Several studies have concluded that people from non-white communities — termed BAME (black, Asian and minority ethnic) in official discourse — have been disproportionately impacted by the pandemic. BAME health professionals also comprise one-fifth of the NHS workforce and it is notable that the first 10 NHS staff to die from Covid-19 were from these backgrounds.
Doctors and nurses from South Asia have been in the forefront of treating patients, taking on extended hours and dealing with situations when not much was known about the virus and ways of dealing with it. A new parliamentary report says that there is some evidence that even within the frontline roles, BAME staff was more exposed to the virus than their white colleagues. For example, the Health and Social Care Committee was told that in the first wave of the pandemic, non-white NHS staff faced greater difficulty in accessing appropriate Personal Protective Equipment (PPE) that fitted correctly. According to the British Medical Association (BMA), 21 per cent of all staff is BAME — 63 per cent of healthcare workers who died were BAME; 20 per cent of nursing staff are BAME — 64 per cent of nurses who died were BAME; and 44 per cent of medical staff is BAME — 95 per cent of doctors who died were BAME.
Latest figures show that doctors who gained their medical qualifications in south Asia comprise the second largest group in the NHS, after those who qualified in the UK: currently there are 30,315 doctors in the NHS who qualified in India, 15,854 in Pakistan, 3,364 in Sri Lanka, 1,926 in Bangladesh and 394 in UAE. BMA surveys have consistently found disparities in doctor’s experiences by ethnicity, with doctors from BAME backgrounds reporting feeling less confident that appropriate adjustments have been made to mitigate risk; feeling less confident about PPE provision and feeling safe to report PPE shortages; and higher rates of bullying and harassment during the pandemic period.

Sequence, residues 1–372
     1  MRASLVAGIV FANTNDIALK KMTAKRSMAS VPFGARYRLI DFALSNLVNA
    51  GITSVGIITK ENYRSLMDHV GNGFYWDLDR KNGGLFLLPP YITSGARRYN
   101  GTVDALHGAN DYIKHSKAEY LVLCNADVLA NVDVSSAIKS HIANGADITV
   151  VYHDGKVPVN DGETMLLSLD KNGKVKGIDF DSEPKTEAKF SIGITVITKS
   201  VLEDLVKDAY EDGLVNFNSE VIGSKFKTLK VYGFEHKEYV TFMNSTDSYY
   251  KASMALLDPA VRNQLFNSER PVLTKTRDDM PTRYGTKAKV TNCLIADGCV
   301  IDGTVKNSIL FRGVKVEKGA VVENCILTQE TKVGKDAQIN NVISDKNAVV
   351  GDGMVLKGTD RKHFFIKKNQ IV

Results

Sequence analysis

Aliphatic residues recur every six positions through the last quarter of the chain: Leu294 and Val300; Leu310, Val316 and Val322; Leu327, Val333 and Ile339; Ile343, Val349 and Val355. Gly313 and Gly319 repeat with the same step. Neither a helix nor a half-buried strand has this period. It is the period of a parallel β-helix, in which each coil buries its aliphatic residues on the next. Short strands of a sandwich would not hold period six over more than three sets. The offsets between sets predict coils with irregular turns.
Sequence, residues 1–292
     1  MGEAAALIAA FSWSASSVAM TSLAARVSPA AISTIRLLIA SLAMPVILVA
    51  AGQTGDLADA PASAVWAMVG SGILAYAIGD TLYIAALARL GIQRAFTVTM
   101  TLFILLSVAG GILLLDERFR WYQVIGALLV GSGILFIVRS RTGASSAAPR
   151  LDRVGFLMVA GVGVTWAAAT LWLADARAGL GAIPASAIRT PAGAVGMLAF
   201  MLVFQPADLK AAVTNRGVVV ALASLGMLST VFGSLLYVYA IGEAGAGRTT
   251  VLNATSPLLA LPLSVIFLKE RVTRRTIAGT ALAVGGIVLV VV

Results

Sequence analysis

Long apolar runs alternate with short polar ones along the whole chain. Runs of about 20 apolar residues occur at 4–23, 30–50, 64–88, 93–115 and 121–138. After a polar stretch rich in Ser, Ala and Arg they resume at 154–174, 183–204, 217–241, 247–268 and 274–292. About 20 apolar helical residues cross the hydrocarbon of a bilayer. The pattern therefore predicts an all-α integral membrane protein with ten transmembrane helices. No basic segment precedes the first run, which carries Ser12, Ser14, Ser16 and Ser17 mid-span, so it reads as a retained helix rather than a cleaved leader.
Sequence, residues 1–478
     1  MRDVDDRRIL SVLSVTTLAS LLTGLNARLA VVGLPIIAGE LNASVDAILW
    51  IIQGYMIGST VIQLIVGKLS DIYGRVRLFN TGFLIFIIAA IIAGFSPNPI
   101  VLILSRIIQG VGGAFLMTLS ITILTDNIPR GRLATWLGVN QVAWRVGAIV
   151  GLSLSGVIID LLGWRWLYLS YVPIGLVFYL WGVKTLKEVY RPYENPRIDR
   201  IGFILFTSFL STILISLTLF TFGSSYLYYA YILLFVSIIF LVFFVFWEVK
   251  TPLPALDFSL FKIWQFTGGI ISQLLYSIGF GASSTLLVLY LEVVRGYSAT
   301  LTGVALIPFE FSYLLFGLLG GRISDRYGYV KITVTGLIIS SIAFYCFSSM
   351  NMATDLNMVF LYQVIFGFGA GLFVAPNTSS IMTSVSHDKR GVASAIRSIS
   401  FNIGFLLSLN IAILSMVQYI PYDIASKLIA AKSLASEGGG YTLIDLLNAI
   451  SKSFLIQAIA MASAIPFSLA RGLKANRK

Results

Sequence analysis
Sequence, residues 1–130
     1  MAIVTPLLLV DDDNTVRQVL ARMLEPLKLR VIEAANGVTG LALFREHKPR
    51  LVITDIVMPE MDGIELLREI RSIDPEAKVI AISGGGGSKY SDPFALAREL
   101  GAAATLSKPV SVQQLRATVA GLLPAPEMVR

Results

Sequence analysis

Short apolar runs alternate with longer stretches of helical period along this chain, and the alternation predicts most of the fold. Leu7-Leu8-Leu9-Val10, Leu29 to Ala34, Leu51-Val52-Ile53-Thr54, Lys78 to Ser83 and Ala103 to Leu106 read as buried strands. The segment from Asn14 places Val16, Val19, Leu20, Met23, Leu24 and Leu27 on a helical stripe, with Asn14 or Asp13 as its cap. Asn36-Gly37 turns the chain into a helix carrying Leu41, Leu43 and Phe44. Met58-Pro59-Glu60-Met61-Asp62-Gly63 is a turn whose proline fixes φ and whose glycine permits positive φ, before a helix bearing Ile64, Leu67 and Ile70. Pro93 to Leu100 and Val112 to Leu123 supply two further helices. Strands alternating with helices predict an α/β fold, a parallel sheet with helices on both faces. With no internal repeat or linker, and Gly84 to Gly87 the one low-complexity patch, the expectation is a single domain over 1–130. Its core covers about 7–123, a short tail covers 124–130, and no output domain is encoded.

Doctors from South Asia and elsewhere have long worked in the NHS, filling vacancies in deprived, inner-city areas where white British professionals were loath to serve, and elsewhere, achieving recognition for their expertise and work, but there are also continuing concerns over allegations of racism and unequal treatment. Such cases involving doctors from south Asia and elsewhere are often highlighted by the groups such as the British Association of Physicians of Indian Origin.
Doctors from south Asia have been often hailed not only for their contribution to the NHS over the last 73 years but also for their central role in its development as “architects” and “lifeblood”. Educated under medical syllabus influenced by the legacy of the British Empire, south Asian doctors came to the UK to train and settled to pursue careers in the NHS. They are also reflected in popular British culture, for example The Indian Doctor, BBC’s five-part television drama set in a south Wales mining village in the 1960s, which starred Sanjeev Bhaskar and Ayesha Dharker, telecast in 2010.
Julian M. Simpson, author of Migrant Architects of the NHS: South Asian Doctors and the Reinvention of British General Practice (1940s-1980s), says: “Doctors from the Indian subcontinent were not just contributing to the NHS; they were its very lifeblood. We should acknowledge they were among the architects of the NHS. The NHS evolved during its first four decades into a system based around general practice and primary care. By becoming family doctors, South Asian doctors prevented a GP recruitment crisis. It’s important to also remember that the NHS was established to make healthcare accessible to those who could not afford it. And for millions of people, particularly in working class communities across Britain, accessing that care meant going to see a GP from the Indian subcontinent.”
The Covid pandemic reinforced the key role of doctors and nurses from the subcontinent in the NHS. Adds Mayor Lachine, president of the Royal College of General Practitioners: “General practice in the UK would not be what it is today without the hard work, innovation, and courage of our predecessors...Indeed, without them, our profession and the NHS might not even exist at all. Not only were they doctors, but they became highly valued members of the communities in which they practiced. Whilst many faced incredible challenges, our exhibition also documents the overwhelmingly positive and lifelong relationships they forged with their patients.”
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